In 1952, engineer Colin Chapman a recent graduate of University College, London formed the company as Lotus Engineering Ltd. The original factory was in old stables behind the Railway Hotel in Hornsey, North London Team Lotus, which was separate from Lotus Engineering in 1954. From 1958 until 1994 Team Lotus was active and competitive in Formula One racing. In 1959 the Lotus Group of Companies was formed and this was made up of Lotus Cars Limited and Lotus Components Limited that focused on road vehicles and customer competition car production respectively. In 1971 Lotus Components Limited became Lotus Racing Limited, but unfortunately this newly renamed company ceased operation the same year.
In 1959 the company relocated to a purpose built factory at Cheshunt and since 1966 the company has occupied a modern factory and road test facility at Hethel, near Wymondham. This location is the former RAF Hethel base and the testing track utilitzes sections of the old runway.
In a rags-to-riches story, Colin Chapman died of a heart attack in 1982 at the young age of 54, starting out as an innkeeper's son and ending as a multi-millionaire industrialist in post-war Britain. Chapman is best known for building tens of thousands of successful racing and road cars. He also won the Formula One World Championship seven times. Chapman was linked with the DeLorean scandal at the time of his death over the use of government subsidies for the production of the De Lorean DMC-12 for which Lotus had designed the chassis.
The Lotus Company was purchased by General Motors in 1986. GM sold the company for £30 million on August 27, 1993 to A.C.B.N. Holdings S.A. of Luxembourg, a company that was controlled by Romano Artioli, Italian businessman, who also owned Bugatti Automobili SpA. A majority share in Lotus was sold to Perusahaan Otomobil Nasional Bhd, a Malaysian car company in 1996 which was listed on the Kuala Lumpur Stock Exchange. The Lotus Company also acts as an engineering consultancy which provides engineering development, especially of suspension, for other car manufacturers. The Powertrain department is not as well known, was responsible for the design and development of the 4-cylinder Eco-Tec engine found in a variety of GM's Opel, Saab, Vauxhall, Chevrolet and Saturn cars.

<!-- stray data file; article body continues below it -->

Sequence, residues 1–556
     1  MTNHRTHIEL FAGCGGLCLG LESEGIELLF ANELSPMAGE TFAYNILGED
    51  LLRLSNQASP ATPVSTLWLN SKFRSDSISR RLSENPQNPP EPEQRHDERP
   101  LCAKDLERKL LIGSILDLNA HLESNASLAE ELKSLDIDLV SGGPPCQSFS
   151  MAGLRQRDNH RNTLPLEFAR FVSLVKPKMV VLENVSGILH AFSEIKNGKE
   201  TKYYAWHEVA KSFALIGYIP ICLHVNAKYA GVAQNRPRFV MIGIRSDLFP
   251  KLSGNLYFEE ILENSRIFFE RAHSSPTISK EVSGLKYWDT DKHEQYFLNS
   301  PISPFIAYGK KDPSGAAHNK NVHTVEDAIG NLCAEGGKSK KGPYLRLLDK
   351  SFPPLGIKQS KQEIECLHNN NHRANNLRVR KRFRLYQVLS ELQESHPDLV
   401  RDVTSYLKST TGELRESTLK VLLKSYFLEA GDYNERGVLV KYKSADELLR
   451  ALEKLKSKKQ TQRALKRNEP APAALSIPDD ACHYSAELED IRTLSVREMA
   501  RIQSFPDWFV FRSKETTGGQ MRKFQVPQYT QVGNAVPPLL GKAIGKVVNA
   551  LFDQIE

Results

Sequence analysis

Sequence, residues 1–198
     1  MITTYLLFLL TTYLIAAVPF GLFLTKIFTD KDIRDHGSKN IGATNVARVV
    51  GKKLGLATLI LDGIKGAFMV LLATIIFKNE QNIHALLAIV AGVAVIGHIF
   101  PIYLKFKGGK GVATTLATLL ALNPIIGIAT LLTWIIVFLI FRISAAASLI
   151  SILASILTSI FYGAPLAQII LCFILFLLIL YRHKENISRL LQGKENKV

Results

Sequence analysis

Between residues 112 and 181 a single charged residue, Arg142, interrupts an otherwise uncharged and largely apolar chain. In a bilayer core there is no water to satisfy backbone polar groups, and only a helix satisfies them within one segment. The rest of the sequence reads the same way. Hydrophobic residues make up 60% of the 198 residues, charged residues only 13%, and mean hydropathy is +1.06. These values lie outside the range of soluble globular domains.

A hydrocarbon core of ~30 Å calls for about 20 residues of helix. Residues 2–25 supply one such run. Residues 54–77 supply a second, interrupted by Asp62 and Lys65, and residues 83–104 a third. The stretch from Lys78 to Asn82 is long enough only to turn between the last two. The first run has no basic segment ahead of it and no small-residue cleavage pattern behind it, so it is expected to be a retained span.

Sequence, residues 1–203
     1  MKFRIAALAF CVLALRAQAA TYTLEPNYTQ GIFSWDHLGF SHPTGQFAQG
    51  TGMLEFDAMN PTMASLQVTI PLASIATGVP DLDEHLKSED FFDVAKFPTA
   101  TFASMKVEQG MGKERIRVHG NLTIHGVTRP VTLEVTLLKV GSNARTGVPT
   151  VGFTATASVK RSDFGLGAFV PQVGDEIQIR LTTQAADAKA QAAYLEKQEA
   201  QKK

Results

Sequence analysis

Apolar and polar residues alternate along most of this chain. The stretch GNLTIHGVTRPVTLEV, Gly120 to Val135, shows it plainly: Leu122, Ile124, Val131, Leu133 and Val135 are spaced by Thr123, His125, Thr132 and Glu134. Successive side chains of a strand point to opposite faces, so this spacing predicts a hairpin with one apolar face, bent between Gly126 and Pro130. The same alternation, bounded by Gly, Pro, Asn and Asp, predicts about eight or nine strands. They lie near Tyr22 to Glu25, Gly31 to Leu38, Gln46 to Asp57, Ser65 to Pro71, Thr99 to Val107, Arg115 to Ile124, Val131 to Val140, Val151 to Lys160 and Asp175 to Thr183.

The Lotus Type 23 was specially designed by Colin Chapman as a small-displacement sports racing vehicle. To comply with formula rule the Type 23 was nominally a two-seater, it was a purpose-built for racing with a driver alone. The Type 23 utilized a wider version of the Lotus 20 space frame, with identical suspension, wrapped neatly in a fiberglass body. The 23 was initially intended for engines of 750 cc to 1300 cc and the revised 23B featured a stronger chassis tubes to take the torque of Ford-based 1.5/1.6 liter Lotus Twincam power plants.
In May of 1962 the Lotus Type 23 was debuted at the Nordschleife, Nürburgring. The Type 23 is one of the most popular sports racers in Lotus history. Its debut was one of the most astonishing drives ever seen in motor racing and at the end of the first lap, the diminutive 100bhp Lotus was nearly 30 seconds ahead of the field. Produced from 1962 until 1964 the 23 was powered by Ford based engines, 1100cc and eventually by the Lotus Twin Cam. The Type 23 used Type 19 suspension, but with larger tanks. The Type 23 was commemorated by being used as the styling inspiration for the Lotus Elise Type 23.
The 70 k/w Type 23 sped away from the field with Jim Clark at the wheel. Clark was unfortunately overcome by exhaust fumes from a damaged exhaust manifold on lap 12 and was forced to retire. Two Lotus 23s were entered at Le Mans in June 1962, a 750 cc and a one liter 45ci and 61ci. The 23s were disallowed on technical grounds due to political pressure brought to bear by French teams. Colin Chapman was enraged and vowed that they would never again race at Le Mans, and Team Lotus has not entered the race since.
Despite these initial issues, the Lotus 23 proved to be a popular, competitive and durable little race car. More than 130 Type 23's were produced in three versions; the standard 23, 23B and 23C. These vehicles continue today to be a mainstay of vintage racing in both Europe and the United States.
Early on in the 1980's a small group of enthusiasts began to remanufacture parts which made it possible to restore an original Lotus 23. These parts are now easily available and it was about this time that a Register was established for the Lotus 23. Today that Register is pat of the Historic Lotus Register of the UK.
Today there are several sources of replicas of Lotus 23 cars with the Xanthos 23 being the most accurate reproduction of the original car and using the same design and materials as the 1960s original. The Xanthos is powered by Lotus twincam and is still constructed by Xanthos Sports Cars in the traditional way near Bristol, UK. The Noble 23 was a Lotus 23 replica created by Lee Noble with a wider track than the original which allowed for true two seater use. This replica was very successful in racing and more than 60 cars were produced using either Lotus twincam or Renault V6 engines. This version continues to be produced, first by Auriga Design and now by Mamba Motorsport.By Jessica Donaldson